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to Section One | to Arts & Entertainment
posted Friday, June 28, 2013 - Volume 41 Issue 26
Eternal darkness - Fifty years later, City of Night is still timely as ever
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Eternal darkness - Fifty years later, City of Night is still timely as ever

by Eric Andrews-Katz - SGN A&E Writer

CITY OF NIGHT
JAMES RECHY
(Grove Press, 1963)


City of Night is one of the most essential novels in Gay literary history. First published in 1963, it explores the dark underbelly of that era's Gay world, filled with hustlers, johns, drag queens, leather men, and every type in between. At a time when the word 'homosexual' was barely whispered and rarely appeared in print (except in the medical journals branding it a mental illness), City of Night exposed this hidden subculture in a way that shocked even its participants.

Honestly and liberally autobiographical, City of Night tells the story of one man's search for friendship, love, and self-understanding. At the center is a young Texan boy of Mexican heritage who sets out into the world with one major asset that is as much a curse as a blessing: his undeniable sex appeal. While the nameless protagonist sells himself to men, he keeps up the appearance of being seduced by women - a common trait in the hustlers' world to invoke an aura of masculinity and thus be more desirable to their scores. According to the rules of the street, a hustler must always be the ideal man - any visibly 'queer' traits would destroy the illusion. Being effeminate was a reason for being loathed, and a hustler needed to be desired.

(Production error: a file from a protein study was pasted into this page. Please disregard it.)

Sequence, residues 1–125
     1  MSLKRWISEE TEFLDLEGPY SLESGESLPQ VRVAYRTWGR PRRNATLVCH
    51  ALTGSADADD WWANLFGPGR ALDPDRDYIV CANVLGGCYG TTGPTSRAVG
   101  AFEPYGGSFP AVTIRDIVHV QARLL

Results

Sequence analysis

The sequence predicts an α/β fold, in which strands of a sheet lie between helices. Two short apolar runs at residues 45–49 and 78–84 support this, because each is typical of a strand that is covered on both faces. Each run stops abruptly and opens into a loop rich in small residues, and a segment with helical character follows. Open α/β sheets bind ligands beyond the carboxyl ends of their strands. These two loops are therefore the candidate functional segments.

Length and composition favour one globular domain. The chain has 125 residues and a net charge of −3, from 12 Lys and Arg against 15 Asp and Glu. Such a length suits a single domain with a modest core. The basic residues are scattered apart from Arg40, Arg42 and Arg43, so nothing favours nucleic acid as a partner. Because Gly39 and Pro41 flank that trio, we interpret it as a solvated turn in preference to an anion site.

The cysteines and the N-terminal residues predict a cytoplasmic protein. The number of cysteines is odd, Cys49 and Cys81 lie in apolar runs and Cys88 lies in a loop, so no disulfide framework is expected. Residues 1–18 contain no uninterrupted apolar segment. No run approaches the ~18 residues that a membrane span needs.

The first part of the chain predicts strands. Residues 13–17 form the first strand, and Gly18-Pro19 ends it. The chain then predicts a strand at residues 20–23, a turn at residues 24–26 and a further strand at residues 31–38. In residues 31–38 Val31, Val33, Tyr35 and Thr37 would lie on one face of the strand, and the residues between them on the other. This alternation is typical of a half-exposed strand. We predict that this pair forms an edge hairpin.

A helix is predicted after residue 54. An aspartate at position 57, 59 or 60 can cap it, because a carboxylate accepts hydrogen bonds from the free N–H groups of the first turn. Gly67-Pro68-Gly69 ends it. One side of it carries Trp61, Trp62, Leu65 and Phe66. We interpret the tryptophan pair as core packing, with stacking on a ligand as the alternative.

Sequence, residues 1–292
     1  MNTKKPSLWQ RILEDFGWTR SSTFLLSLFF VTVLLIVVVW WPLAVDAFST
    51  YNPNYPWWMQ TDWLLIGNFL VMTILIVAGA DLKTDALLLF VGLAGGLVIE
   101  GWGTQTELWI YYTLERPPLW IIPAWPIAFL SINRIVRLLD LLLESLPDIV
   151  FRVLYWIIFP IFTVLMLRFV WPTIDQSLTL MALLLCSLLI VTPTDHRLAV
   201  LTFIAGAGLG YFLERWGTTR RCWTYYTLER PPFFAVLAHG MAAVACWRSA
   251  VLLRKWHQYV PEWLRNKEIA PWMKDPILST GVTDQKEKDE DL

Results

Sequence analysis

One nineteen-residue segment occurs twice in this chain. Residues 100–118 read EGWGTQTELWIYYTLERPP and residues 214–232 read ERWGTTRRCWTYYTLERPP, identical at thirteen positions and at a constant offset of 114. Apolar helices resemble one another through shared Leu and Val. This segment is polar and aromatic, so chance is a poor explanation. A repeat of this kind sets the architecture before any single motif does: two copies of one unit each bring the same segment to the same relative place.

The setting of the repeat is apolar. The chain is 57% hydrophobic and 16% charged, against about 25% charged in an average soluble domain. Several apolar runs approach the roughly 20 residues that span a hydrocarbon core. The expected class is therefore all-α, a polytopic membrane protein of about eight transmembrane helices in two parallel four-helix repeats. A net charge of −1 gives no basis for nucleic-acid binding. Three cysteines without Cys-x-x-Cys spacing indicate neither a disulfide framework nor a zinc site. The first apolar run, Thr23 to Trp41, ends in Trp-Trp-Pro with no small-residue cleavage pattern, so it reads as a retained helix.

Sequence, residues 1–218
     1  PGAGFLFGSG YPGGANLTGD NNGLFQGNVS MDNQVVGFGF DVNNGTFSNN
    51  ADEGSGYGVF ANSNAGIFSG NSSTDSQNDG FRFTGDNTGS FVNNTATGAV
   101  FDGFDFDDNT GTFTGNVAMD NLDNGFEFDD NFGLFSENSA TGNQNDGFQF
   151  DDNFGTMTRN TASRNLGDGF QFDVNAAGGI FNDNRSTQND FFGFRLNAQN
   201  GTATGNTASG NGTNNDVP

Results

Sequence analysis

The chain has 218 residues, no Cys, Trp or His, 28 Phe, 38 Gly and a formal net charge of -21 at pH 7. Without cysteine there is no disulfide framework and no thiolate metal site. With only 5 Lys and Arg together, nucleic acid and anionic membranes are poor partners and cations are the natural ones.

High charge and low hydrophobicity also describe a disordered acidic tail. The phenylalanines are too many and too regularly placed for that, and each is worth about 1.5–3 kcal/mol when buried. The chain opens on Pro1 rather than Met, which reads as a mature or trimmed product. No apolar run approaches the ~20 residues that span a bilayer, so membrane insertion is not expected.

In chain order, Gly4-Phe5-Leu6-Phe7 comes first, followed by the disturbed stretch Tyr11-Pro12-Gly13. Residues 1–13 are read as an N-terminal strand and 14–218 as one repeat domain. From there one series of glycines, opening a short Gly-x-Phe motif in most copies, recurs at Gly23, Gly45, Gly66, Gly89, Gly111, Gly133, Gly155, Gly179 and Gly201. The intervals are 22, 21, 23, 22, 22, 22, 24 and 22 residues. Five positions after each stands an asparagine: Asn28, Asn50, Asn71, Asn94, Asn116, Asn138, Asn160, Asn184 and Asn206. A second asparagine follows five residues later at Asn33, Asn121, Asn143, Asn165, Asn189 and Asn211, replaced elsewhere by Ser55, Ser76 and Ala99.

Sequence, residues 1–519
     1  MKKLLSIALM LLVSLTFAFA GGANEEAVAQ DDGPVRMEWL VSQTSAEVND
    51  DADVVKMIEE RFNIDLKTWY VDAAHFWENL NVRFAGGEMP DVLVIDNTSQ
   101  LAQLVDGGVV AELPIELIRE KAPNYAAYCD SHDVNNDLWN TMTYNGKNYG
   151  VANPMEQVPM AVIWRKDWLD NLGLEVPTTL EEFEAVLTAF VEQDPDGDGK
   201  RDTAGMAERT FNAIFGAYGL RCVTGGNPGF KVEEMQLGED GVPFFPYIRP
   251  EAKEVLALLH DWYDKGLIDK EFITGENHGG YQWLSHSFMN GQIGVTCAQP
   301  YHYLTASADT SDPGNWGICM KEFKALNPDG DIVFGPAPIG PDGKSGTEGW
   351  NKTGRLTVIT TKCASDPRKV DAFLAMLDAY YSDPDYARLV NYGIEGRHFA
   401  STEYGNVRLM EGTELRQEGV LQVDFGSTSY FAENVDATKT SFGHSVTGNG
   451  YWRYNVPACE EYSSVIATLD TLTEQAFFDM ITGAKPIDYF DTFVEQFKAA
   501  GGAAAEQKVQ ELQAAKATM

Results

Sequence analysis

The young man's journey takes him from his small Texan hometown to the animalistic prowling of New York City's Time Square. On the streets and in darkened movie houses, he meets an endless turnstile of men all seeking the one thing that had always been denied them - sexual exploration of another man. The protagonist is first approached by a Mr. King, who makes his proposal brief and to the point: 'I'll give you $10, and I don't give a damn about you' - thus setting the tone for his New York experience. He is 'employed' by a bedridden professor, who collects memories and pictures of his boy 'angels.' He meets Peter, another street hustler, who helps introduce him to prospective scores and teaches him the rules of street survival.

COLORFUL CHARACTERS
Like a dark version of the Everyman protagonist from The Pilgrim's Progress, the hero explores homosexual America, learning about the world as much as about his own self in the process. In Chicago, Los Angeles, San Francisco, and New Orleans, his hustling introduces him to an assortment of people, all seething with the desperation of an endless search for something else. There are the queens, like over-the-top Miss Destiny (a true-life character), who is constantly planning a 'fabulous wedding' with a new husband. Or Sergeant Morgan, a police officer who relishes busting the men in Pershing Square - and secretly delights in taking advantage of those he arrests. And, of course, there is the absurdly funny and tragic 'Mom,' a man who enjoys picking up young men, taking them home, and cooking for them as if they were his own children before collecting his money's worth.